Published on October 28th, 2010 | by Ali Gharib2
Hayden: Iran Breakout capability ‘worse than detonation’
Former CIA chief Michael Hayden told a Washington think tank a few weeks back that Iran was not seeking to build a nuclear weapon, but merely acquire a so-called breakout capability — a nuclear program advanced enough that a bomb could be assembled in a matter of months.
An Iranian breakout capability would be “as bad as a detonation. In fact, in some ways that’s worse than a detonation,” he said, speaking at the Stimson Center. “That gives them all the effects of having a weapon.”
Hayden recently said on CNN that war with Iran “seems inexorable,” though a spokesperson later walked the comment back. Nonetheless, his comment was used by liberal hawks as a launching pad for drawing plans to attack Iran.
In his most recent appearance, Hayden said that even an Iranian breakout capability might spur a Saudi-Pakistani alliance.
At Fox News‘s website, Lee Ross reports:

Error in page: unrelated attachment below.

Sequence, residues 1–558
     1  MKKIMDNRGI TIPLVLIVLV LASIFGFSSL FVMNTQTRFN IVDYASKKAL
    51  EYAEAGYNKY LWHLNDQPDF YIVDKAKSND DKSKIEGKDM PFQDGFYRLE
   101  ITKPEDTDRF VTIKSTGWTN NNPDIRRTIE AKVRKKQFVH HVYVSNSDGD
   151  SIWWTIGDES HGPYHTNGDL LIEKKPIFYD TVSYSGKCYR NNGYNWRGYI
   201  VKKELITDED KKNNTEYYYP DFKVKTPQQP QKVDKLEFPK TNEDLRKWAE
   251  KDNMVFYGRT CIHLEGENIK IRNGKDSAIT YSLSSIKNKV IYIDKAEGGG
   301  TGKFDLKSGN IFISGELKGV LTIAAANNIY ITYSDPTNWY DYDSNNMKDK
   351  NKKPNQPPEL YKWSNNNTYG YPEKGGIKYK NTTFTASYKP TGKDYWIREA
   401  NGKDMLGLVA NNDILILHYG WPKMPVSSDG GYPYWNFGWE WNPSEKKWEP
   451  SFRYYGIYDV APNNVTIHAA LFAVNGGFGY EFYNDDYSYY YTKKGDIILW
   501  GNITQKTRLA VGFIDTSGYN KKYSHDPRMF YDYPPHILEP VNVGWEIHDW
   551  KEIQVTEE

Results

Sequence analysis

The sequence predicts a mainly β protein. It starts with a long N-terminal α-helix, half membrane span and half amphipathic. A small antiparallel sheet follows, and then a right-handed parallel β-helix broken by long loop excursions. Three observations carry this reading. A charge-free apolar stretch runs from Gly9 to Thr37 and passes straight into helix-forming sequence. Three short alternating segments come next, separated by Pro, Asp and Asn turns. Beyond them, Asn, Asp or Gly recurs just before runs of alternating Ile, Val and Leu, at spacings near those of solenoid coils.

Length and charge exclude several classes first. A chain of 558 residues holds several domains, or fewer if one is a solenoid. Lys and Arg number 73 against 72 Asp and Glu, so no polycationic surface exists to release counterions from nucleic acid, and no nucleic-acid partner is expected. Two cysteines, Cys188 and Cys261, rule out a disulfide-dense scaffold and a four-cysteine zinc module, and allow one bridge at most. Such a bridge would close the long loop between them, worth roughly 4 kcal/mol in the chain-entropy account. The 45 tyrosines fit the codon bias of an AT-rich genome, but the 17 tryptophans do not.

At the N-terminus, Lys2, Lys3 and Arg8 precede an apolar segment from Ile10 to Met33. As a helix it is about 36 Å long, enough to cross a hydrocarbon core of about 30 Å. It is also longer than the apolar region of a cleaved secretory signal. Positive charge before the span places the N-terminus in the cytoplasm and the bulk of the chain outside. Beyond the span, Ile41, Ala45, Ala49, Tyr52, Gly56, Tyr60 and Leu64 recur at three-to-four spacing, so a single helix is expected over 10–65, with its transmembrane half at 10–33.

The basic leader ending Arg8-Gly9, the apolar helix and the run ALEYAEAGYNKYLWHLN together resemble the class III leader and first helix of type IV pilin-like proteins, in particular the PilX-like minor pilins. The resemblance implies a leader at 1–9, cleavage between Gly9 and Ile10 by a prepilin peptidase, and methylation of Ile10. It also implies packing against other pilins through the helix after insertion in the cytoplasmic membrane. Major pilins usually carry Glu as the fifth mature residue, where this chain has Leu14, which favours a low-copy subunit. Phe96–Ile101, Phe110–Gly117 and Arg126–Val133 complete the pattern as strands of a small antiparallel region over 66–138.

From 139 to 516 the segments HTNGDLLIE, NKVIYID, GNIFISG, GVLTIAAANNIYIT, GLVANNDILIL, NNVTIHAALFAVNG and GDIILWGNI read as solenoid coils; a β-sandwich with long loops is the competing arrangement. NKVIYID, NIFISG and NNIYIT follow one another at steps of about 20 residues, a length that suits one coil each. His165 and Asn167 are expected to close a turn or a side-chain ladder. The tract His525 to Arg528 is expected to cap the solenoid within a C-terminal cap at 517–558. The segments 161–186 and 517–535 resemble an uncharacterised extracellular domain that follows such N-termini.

Hayden expressed concern that whether Iran actually develops a weapon or is simply capable of doing so presents security challenges to the country’s regional neighbors. Saudi Arabia, Hayden suggested, might be forced to seek a military alliance with Pakistan to counter the Iranian threat. That alliance and others could rapidly escalate tensions leading to significant problems.
It sounds a bit conspiratorial and alarmist. Extremists in Pakistan are already awash with Saudi cash, and this seems to irk the Pakistani leadership, at least insofar as making a moderate amount of war with someone is a sign of that. If Pakistan were to share its nuclear program with Saudi Arabia, I can see how that might put the fear in Hayden, but Islamabad isn’t exactly handing its nuclear trigger codes to Riyadh yet. And I’m not so convinced that such an alliance would actually make much difference. Both countries are ostensible U.S. allies who are, nonetheless, both epicenters of extremism.
That aside, it’s also worth noting that hawks — Jennifer Rubin, for one — already see the status quo (of Iran in the relatively early stages of a nuclear program) as unacceptable. (A strong Saudi-Pakistani alliance might make her head explode!) So if no advanced program is acceptable, and no break out ability is acceptable, and a bomb is certainly not acceptable, then that leaves us just where Rubin wants us: at war.